When my youngest son Finn was in second grade, he was struggling to learn to read. Not only that, but he was ashamed of his struggles. His classmates seemed to be doing just fine. Finn tried to keep a brave face. He tried to hide from everyone what was going on. But underneath it all he was really worried and agitated.
One night he cried to both David and me about it. David did two things: he reached out to Finn’s wonderful teacher, and then he told Finn a bedtime story about bravery (made up on the spot, as David’s stories are). The story was called “Jack Tar’s Brave Day.” (More on that in a moment.)
The next day at school, Finn’s teacher started the main lesson by talking about her own struggles with stuttering. She explained how she had spent much of her life embarrassed about it. She asked if other children had similar experiences. One hand raised immediately: Finn’s. He admitted openly to his class that he was struggling with reading and felt embarrassed.
Not only did his classmates enthusiastically love and support him, they too raised their hands and shared their struggles and stories. The true stories of bravery from Finn and his teacher inspired them!
It was a transformative moment for the entire class, and an experience that I believe helped shape our son into the brave, open-hearted young man that he is.
Jack Tar’s Brave Day: Facing Your Fears
In this story, Jack Tar is a striking figure in sea lore known for his bravery on the high seas. He learned courage in his childhood. In fact, his bravest day occurred on land when he was a boy, on his second day of school when he admitted: he didn’t know how to read.
This story highlights that courage is born not by being “fearless” but by being afraid. Feeling the fear and shame and desire to run away comes first. Then we choose to meet it or not. Those who are considered brave have chosen to meet it. This story imagines a potential start to the brave tall tale of Jack Tar with a very real situation where a child must admit he needs help.
Brave Salad: Taking Action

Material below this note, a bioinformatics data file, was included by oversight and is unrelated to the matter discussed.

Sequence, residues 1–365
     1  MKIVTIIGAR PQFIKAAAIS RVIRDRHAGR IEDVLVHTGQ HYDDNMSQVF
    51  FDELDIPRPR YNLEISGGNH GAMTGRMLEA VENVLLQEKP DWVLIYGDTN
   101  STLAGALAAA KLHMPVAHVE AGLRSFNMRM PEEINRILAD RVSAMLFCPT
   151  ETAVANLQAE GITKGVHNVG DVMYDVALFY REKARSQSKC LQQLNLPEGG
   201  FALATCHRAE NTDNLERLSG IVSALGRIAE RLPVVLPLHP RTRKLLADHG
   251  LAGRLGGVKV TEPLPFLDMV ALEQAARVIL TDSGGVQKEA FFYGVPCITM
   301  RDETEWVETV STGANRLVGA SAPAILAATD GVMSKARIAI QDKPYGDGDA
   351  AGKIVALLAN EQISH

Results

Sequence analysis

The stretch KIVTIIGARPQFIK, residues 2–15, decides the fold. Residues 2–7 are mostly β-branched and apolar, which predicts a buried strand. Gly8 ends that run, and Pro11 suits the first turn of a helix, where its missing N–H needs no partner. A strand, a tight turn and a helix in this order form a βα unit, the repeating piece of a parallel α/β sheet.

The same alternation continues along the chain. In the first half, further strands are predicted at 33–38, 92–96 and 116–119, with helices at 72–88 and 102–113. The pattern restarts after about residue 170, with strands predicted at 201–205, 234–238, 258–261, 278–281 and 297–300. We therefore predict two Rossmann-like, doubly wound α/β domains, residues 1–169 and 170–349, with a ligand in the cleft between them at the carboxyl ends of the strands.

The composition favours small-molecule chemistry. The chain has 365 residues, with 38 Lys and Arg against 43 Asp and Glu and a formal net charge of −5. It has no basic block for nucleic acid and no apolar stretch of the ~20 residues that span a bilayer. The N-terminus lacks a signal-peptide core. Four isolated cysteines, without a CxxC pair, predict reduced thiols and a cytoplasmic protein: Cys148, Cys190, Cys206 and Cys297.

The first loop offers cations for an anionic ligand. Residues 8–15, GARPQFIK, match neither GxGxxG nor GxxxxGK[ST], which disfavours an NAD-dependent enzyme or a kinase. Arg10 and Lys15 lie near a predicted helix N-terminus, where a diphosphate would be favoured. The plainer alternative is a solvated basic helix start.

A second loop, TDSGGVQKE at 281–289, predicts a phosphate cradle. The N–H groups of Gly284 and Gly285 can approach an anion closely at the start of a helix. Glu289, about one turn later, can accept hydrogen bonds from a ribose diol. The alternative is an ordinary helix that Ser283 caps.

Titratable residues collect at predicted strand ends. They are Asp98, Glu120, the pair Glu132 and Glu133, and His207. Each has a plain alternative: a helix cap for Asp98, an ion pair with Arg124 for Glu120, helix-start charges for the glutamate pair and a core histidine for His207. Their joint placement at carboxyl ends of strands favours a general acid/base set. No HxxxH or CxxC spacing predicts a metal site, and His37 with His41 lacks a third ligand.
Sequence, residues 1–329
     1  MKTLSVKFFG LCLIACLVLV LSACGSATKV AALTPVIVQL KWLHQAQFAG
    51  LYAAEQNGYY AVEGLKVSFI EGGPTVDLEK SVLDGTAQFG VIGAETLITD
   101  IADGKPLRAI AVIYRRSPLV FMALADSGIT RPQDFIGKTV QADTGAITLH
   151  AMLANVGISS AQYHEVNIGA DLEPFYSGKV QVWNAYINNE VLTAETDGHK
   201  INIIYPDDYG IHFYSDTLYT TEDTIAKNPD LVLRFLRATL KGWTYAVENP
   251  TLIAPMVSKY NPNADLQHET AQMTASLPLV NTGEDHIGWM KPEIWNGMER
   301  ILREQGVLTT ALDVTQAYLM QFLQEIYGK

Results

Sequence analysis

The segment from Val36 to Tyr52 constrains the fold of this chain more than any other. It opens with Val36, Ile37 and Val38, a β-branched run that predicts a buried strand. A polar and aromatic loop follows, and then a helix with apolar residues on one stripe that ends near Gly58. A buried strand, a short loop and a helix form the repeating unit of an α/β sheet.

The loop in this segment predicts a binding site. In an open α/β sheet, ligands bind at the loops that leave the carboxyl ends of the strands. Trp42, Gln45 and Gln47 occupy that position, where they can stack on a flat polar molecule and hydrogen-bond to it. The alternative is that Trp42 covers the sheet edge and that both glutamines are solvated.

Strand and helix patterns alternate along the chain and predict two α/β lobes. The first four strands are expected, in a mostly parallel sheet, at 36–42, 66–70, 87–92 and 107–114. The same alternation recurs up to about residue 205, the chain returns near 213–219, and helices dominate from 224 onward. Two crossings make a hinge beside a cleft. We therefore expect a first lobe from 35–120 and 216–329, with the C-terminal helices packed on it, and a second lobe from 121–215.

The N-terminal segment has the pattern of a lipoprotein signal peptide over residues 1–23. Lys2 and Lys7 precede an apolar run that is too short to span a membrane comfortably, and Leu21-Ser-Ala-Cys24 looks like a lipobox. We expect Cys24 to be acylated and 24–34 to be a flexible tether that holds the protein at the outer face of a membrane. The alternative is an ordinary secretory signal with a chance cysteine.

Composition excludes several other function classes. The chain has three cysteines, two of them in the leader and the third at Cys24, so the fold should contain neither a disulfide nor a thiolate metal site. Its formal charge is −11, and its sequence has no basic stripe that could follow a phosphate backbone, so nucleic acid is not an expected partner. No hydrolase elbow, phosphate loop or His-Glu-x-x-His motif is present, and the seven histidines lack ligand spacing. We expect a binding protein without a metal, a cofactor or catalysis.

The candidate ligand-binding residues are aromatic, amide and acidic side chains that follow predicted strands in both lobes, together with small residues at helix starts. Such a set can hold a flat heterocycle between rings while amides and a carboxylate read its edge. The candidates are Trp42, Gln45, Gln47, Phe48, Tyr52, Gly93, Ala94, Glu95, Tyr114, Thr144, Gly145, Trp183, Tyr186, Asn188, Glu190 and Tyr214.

After having a recurring bad dream, Sylvia expresses her fear of going to bed at night. Momma has several ideas on how to soothe and prepare her for bed, but it is her friend Sofia who comes up with the most effective way to deal with any fear: making brave salad! And if you’re feeling extra inspired by this sweet story, even have a special Seed Sprouting Tutorial to follow along with.
Children generally don’t respond to explanations or reason — at least, they are seldom transformed by this approach. What does work is action and ritual: to DO something in the face of the fear, to ritualize meeting with the fear. In “Brave Salad,” Sylvia is invited to ritualize becoming brave by eating it: something most kids tend to enjoy!
Grandma’s Story: Take a Stand
Grandma's story is about how she bucked tradition and chose a surprising theme for a fourth of July float. No one stepped forward to help her, except her father who believed in standing up for what you believe in. This story is about the courage it takes to step forward and speak up.
This is one of our more explicit stories around social action where the main character faces adversity in trying to do the right thing. As younger listeners have their plate full with daily fears and insecurities, this story will provide inspiration rather than modeling. It can be used as an uplifting story for their future selves where they take a stand for something they know to be true and right.
Piper the Frog: Leaning in to your strengths
Piper, the young bullfroglet, is afraid to go on land. When she was very little, she had a small scare and the fear has stayed with her. When a big bullfrog comes to her for help, she learns that he is afraid of diving — and she is very good at diving! She helps him — and in doing so, decides to be just as brave as he is.
This story models something parents and mentors can always do: use their own biographies to demonstrate little solutions to common problems. This gives their young listeners two huge gifts: recognition that their challenges are not unique, and real life ways to meet their challenges. Plus it has the added benefit of deepening relationships through empathy and common stories.
Ben Thompson is determined to show his junkyard friends that he is strong and brave and unafraid. He decides to prove himself by venturing into the forest in the dark of night, despite the bobcat that lives there. And when he does in fact encounter “Spots” — the polite but very hungry bobcat — Ben realizes the true meaning of courage.
This story takes the pervasive and often hollow version of courage and flips it on its head. In it, Ben tries on the “macho” version of courage and potentially puts himself in danger. Lucky for him, the bobcat gives Ben the opportunity to discover the truth of courage: that it is deeply connected to vulnerability and honesty.